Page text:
The opinion of the court was delivered by: NEALON
Petitioners are Delaware state prisoners who in consolidated habeas corpus actions under 28 U.S.C. § 2254 challenge the right of the Federal Bureau of Prisons to hold them in custody. Both are inmates who were transferred to the United States Penitentiary at Lewisburg under the terms of an agreement between state and federal officials. The original petitions alleged that the forced move to Lewisburg deprived the petitioners of constitutional rights by cutting off access to counsel, Delaware legal library sources, family visits, and more satisfactory state prison conditions. Furthermore, the petitioners assert that the federal government has no statutory authority to imprison them under present conditions.
II. THE PROBLEM OF MULTIPLE LITIGATION
The respondents have raised two arguments. First, they ask this Court to dismiss this action, because the petitioners allegedly have similar litigation pending before the Federal District Court for the District of Delaware. The respondents contend that a decision on the merits in the instant case would amount to a waste of judicial effort, because the same issues are already before a district court within the Third Circuit. The record does indeed show that both petitioners have separate civil actions in the District of Delaware attacking the legality of their confinement in Lewisburg and seeking a variety of remedies. It is not clear, however, in which court litigation was first commenced.
The Supreme Court has clearly stated that when identical issues are filed in different federal districts, duplicate litigation should be avoided, but no mechanical rule determines which forum should decide the case. Colorado River Water Conservation District v. United States, 424 U.S. 800, 817, 96 S. Ct. 1236, 1246, 47 L. Ed. 2d 483 (1976); Kerotest Mfg. Co. v. C-O-Two Co., 342 U.S. 180, 183-84, 72 S. Ct. 219, 221, 96 L. Ed. 200 (1952). Normally, the court in which the relevant action was first filed should maintain jurisdiction. Nonetheless, the determining consideration should be equity. Columbia Plaza Corp. v. Security National Bank, 173 U.S. App. D.C. 403, 525 F.2d 620, 627 (D.C.C.1975); Scott v. Fetzer Co. v. McCarty, 450 F. Supp. 274, 276-77 (N.D.Ohio, 1977); Wheeling-Pittsburgh Steel v. Donovan Wire & Iron, 416 F. Supp. 602, 602-03 (N.D.Ohio, 1976). Relevant factors include convenience of the parties in conducting the litigation and the extent to which the matter can be resolved more efficiently in one district than the other. Columbia Plaza Corp. v. Security National Bank, 525 F.2d at 628-29.
The situation is quite different, however, with regard to the federal statutory claim. The record demonstrates that this issue has been raised in each of the Delaware cases only once, in a most tangential manner. Before the Middle District of Pennsylvania, conversely, the matter has been addressed by both parties and the Court is ready to rule. Failure to proceed to the merits would simply delay resolution. Such a result would hardly further judicial efficiency.
The respondents' second contention is that the language of 18 U.S.C. § 5003(a) does in fact give the Federal Bureau of Prisons authority to accept the custody of state prisoners such as the petitioners. The relevant language of this section reads:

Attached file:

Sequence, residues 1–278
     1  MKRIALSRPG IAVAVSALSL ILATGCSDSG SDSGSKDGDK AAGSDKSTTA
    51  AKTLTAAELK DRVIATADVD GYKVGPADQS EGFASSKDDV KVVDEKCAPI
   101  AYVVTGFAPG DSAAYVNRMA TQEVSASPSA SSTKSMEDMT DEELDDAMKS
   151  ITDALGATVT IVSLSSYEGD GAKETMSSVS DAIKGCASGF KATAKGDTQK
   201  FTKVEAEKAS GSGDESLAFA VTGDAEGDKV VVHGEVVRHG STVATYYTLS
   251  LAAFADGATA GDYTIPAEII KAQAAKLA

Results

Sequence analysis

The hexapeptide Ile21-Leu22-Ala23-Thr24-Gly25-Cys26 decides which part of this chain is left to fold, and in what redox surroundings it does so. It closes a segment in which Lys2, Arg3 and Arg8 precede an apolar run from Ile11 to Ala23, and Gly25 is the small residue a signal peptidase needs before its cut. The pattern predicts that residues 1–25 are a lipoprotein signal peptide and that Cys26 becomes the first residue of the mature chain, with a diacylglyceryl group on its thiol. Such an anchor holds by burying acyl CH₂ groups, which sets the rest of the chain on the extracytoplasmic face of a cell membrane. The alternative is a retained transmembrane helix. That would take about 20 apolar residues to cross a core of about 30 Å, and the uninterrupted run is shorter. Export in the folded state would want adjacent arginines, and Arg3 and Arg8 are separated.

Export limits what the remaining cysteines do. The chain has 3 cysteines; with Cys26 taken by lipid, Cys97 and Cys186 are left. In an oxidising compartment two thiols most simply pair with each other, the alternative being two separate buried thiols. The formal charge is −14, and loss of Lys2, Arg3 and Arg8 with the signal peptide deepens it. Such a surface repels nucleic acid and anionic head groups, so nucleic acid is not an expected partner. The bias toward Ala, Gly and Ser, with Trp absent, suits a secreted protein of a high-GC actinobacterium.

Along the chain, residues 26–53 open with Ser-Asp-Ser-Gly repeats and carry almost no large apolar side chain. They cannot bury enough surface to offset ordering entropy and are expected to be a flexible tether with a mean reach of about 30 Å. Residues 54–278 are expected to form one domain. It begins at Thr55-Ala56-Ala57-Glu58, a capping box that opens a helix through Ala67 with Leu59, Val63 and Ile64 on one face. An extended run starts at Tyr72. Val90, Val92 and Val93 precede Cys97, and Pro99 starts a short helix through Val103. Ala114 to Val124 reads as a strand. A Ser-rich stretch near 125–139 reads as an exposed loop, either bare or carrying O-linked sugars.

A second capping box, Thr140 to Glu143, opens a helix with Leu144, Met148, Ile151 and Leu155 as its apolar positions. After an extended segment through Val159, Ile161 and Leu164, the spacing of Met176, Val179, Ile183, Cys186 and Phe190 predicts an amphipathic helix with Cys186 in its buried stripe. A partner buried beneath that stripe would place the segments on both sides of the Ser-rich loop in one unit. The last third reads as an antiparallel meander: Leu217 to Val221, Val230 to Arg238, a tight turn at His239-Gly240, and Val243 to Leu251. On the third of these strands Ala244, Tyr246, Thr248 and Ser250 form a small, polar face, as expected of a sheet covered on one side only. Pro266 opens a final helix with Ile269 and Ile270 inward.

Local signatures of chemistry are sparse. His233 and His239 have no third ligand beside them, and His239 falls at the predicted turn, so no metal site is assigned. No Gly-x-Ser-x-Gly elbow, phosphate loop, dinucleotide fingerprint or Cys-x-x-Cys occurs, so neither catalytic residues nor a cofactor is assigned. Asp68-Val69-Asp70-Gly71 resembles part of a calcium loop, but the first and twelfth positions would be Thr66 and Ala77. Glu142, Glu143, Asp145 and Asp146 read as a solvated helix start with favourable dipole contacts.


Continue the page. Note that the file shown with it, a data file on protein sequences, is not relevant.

The Attorney General, when the Director shall certify that proper and adequate treatment facilities and personnel are available, is hereby authorized to contract with the proper officials of a State or Territory for the custody, care, subsistence, education, treatment, and training of persons convicted of criminal offenses in the courts of such State or Territory: Provided, That any such contract shall provide for reimbursing the United States in full for all costs or other expenses involved.
There is a sharp split in authority on this matter. The petitioners cite Lono v. Fenton, 581 F.2d 645, 646-47 (7th Cir. 1978) (en banc) in which the Seventh Circuit held that § 5003(a) authorizes transfers of state prisoners to federal institutions only for the purposes of "specialized treatment." Speaking for the majority, Judge Wood gave two reasons for this interpretation. First, the language of § 5003(a) places special emphasis on "treatment facilities" and makes their adequacy a condition precedent to any transfer. Judge Wood reasoned that this "unique" terminology clearly demonstrated that the literal wording of the provision only permits the federal prison system to accept the transfer of state prisoners who are to receive "specialized treatment." Id. at 646-47. Second, the Lono court argued that the legislative history of § 5003(a) also upheld its interpretation. According to the majority, Committee reports clearly reflected that the purpose of the provision was to make available to the states "specialized types of institutions and training programs" maintained by the federal government. The Lono opinion also cited a significant portion of the House Judiciary Committee Report stating that the legislation limited the use of federal prisons to state transferees in need of medical care and specialized rehabilitation programs. Id. at 647.
Cases subsequent to Lono have taken the position of the dissent. Sisbarro v. Warden, Mass. State Penitentiary, 592 F.2d at 4; Fletcher v. Warden, 467 F. Supp. 777, 780-82 (D.Kan.1979); Bradshaw v. Carlson, Civil No. 79-544 (M.D.Pa., Aug. 9, 1979). In the instant action, the respondents have asked this Court to adopt these holdings and to reject the ...